Standing proudly in front of Notre Dame de la Garde, on the right bank of the Old Port, you can't miss it. 

City Hall through the History of Marseille

Historical background

Before the construction of the building we know today, there was La Maison de Ville. Built in the 13th century, it brings together the merchants and consuls of the Phocaean City. In 1653, Louis XIV wanted the city to be transformed. For this reason, he asked that Marseille be managed by aldermen. He also changed the port regime. As suggested by the First Consul Gaspard de Villages, the Maison de Ville was destroyed in order to accommodate the future City Hall. And it is the architect Jean-Baptiste Méolans who was in charge of the project.

A laborious construction

In 1653, construction began, but the lack of funding and the disorders in 1660 considerably slowed down the progress of the work. The project was taken over in 1666 by Gaspard Puget (Pierre Puget's brother, who only made the crest on the main door now relocated to the Musée des Beaux-Arts, the current one being a copy) and was completed twenty years later, in 1673.

The municipal authority is reinforced by the ceremonial façade facing the sea, in front of the galley arsenal on the opposite bank, which symbolized royal power. It barely escaped demolition during the Revolution, however, when Marseille was called the "nameless city" by the revolutionaries.

A building that stands the test of time

Despite its complicated beginnings, the City Hall has survived the ravages of time and seems to be lucky. It has indeed escaped from destruction twice! First of all during the French Revolution, when rumors accused it of being a den for the Royal Monarchy's followers. Then, during World War II, when the Germans bombed Marseille in 1943, the Town Hall was one of the few that was not destroyed.

A unique architecture

The people of Marseilles soon nicknamed it "the lodge" in reference to the loggia in Italian, which reflects the influence of the Genoese palaces. It is divided into two parts: the original part, which includes the Puget Pavilion, which is the part overlooking the port. It has a balcony with a magnificent view over La Bonne Mère and the Old Port, which belongs to the mayor's office. The Pavilion is connected to the Bargemon Pavilion by a kind of archway located on the rear side of the building.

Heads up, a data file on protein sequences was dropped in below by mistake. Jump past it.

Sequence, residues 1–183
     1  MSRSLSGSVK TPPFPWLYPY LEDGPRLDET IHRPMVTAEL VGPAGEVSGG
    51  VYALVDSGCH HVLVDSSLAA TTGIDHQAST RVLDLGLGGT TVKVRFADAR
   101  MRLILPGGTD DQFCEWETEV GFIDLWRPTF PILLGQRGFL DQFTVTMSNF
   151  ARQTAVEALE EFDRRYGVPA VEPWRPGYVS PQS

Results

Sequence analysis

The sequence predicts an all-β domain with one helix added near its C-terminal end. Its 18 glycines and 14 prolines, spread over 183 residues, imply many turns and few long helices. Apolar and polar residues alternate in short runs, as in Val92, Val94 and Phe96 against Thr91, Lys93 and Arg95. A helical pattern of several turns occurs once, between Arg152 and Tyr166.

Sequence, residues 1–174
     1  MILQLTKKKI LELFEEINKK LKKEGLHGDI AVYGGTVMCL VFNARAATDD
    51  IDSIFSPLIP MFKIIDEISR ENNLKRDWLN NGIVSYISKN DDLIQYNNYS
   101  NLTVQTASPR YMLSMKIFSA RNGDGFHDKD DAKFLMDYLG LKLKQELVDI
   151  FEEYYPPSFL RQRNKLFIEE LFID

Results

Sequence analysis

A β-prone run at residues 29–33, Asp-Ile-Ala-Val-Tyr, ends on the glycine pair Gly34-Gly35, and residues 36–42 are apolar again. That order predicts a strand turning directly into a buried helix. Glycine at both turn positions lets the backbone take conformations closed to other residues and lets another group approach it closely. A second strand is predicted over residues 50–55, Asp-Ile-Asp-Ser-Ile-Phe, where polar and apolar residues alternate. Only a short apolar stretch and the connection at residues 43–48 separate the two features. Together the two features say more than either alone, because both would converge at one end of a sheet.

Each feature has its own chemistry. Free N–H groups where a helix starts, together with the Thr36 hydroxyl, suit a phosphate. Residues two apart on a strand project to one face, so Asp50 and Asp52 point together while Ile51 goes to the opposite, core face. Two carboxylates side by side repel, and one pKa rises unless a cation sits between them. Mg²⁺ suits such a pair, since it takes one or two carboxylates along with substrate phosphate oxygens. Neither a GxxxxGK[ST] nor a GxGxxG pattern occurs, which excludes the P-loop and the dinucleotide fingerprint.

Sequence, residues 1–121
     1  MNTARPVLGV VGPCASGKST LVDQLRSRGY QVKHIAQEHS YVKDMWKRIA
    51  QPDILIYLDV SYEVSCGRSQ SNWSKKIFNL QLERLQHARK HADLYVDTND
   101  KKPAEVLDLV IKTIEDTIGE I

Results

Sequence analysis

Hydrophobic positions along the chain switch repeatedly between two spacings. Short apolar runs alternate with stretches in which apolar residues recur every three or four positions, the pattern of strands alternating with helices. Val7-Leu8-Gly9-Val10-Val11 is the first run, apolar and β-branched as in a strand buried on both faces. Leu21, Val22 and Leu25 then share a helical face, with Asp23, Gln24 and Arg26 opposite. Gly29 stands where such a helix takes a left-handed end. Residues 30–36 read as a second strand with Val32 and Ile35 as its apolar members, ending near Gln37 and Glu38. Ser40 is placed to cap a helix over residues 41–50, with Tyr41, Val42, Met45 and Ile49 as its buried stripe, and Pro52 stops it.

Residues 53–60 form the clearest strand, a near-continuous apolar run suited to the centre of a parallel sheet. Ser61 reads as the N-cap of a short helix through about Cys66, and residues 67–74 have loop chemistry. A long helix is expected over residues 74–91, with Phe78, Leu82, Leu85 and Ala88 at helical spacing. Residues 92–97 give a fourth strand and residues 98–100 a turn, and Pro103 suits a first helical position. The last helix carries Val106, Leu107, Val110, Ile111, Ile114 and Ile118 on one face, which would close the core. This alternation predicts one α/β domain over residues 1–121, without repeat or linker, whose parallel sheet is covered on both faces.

The building has a particularity: there is no staircase leading from the ground floor to the 1st floor. This requires going through the building behind, connected by a bridge to City Hall. This curiosity is explained by the customs of the old days, which wanted merchants to be separated from aldermen. The first ones were on the ground floor, while the second ones were on the first floor.

This monument has a special status in Provençal Baroque art in Marseille because of its strong Genoese influences. It was also classified as a Historical Monument on April 30, 1948.

Marseille City Hall today

Since 2006, the Municipal Council has been meeting in the Espace Villeneuve-Bargemon, located under Place Bargemon. The Espace also has meeting rooms.

Today, recent development work to expand the building and its surroundings have been completed. A new 20,000 m² public space was created between the Old Port and the Hôtel Dieu, becoming at the same time the largest esplanade in the city.

If you are planning to visit Marseille, plan to stop and contemplate this building, which may not be very large but is full of history.

Just in front of the Town Hall, you can get on the Petit train Marseille and take a walk in the streets of the city, to discover its monuments. Remember to buy tickets at the ticket office to avoid long queues. Segway rental or bicycle rental are also perfect for discovering Marseille in a fun way.

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